That means other companies will be able to use it for free in tablets and phones to join the . The software is likely to be opened up next year, according to the WSJ's source.
In the war of the smart phone ecosystems, there are two dominant powers: Apple and Google. Apple's iOS software powers the iPhone and , while Google's software is open source and is used by loads of phones and tablets made by many different manufacturers, including Samsung.
Android owes its success to its open-source nature: the wide range of devices using Android means phone owners can choose their perfect phone, manufacturers can adapt the OS to different uses, and app developers can fill the Android Market with cool and useful apps.
When it comes to app ecosystems, open is better, as there's a vicious cycle linking numbers of users with number of apps -- if there's no apps, users won't get the phones, but if there's no users, developers won't make apps.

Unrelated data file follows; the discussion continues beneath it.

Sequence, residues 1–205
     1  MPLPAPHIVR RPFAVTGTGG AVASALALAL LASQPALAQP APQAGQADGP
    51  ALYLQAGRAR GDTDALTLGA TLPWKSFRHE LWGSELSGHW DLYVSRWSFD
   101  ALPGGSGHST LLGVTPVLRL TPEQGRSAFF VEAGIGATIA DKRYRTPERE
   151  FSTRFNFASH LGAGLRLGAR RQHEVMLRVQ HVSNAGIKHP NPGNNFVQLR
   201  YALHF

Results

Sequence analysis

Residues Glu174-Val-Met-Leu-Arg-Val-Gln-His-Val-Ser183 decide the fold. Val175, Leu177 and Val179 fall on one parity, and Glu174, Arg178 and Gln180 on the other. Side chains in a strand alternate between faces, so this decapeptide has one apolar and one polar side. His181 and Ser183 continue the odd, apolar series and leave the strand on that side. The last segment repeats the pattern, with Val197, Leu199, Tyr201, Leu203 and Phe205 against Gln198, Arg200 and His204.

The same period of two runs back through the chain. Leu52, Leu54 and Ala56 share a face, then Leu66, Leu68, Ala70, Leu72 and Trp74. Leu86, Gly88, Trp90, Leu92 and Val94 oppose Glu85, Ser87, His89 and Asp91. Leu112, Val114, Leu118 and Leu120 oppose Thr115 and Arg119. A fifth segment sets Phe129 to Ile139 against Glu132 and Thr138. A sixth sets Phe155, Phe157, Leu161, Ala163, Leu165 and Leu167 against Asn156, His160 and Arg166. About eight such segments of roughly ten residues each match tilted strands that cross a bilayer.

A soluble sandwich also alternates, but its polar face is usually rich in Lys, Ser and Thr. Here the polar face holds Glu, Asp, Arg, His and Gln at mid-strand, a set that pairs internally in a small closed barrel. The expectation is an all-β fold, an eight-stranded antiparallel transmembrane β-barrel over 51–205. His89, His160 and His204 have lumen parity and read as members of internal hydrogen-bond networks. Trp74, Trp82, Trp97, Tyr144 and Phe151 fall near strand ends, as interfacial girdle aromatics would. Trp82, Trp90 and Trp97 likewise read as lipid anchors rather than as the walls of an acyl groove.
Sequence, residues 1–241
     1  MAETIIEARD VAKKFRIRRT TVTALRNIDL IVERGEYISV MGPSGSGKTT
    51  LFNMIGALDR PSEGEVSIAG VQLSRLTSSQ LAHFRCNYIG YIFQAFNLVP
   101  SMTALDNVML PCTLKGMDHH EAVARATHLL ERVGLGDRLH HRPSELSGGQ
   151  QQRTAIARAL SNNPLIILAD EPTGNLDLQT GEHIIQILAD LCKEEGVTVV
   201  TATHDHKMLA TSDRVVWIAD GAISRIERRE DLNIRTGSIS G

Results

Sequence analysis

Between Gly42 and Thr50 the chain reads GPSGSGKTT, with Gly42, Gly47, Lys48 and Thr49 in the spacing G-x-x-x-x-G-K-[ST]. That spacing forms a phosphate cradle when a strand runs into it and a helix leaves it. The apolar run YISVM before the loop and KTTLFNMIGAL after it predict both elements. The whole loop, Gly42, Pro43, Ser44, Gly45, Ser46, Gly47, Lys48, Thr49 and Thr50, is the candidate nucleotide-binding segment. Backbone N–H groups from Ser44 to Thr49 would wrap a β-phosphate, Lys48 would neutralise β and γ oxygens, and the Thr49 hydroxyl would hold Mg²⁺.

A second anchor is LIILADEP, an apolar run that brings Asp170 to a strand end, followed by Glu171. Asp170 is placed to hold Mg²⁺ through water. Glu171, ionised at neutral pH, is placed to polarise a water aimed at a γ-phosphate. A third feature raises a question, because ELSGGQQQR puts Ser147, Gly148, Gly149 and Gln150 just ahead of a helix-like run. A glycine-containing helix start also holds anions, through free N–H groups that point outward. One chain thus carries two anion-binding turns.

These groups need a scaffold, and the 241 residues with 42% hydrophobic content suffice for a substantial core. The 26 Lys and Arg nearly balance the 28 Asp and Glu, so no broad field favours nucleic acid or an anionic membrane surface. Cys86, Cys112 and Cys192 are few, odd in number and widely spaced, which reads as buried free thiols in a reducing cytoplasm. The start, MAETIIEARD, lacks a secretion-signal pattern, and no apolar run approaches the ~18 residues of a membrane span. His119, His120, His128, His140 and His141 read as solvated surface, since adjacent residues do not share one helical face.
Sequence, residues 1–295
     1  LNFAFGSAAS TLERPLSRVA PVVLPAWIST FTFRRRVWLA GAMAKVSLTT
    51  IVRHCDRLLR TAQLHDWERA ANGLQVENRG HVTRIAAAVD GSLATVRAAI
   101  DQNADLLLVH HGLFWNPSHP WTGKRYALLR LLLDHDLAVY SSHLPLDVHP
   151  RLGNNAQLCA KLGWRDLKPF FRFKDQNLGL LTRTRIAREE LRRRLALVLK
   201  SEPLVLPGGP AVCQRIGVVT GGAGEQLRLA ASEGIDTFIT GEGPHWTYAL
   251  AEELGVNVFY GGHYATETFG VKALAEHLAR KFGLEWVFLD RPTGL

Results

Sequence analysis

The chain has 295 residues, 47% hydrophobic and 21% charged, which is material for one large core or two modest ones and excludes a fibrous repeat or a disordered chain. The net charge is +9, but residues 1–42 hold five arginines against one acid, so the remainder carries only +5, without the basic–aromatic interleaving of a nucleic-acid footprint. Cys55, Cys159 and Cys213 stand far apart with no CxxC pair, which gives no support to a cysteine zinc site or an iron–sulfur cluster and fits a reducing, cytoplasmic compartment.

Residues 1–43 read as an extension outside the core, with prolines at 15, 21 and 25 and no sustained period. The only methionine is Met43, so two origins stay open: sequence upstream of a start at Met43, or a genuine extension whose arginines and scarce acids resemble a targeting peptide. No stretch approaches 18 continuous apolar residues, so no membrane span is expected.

Only Apple and its enormous brand clout can truly get away with a closed ecosystem -- hence, and Nokia sidelining the MeeGo and Symbian software it's been stuck with. Nokia is turning to instead. It's not open source, but is used by a range of manufacturers and has Microsoft's clout behind it, which Nokia hopes will appeal to a wider audience.
Opening up Bada will also allow Samsung not to lean on Android so heavily. Apple is Galaxy Tab 10.1 and both ., and it's Samsung that's borne the brunt of the first wave of patent disputes, with the
Samsung also makes Windows Phones, as well as Android and Bada devices, and recently rather testily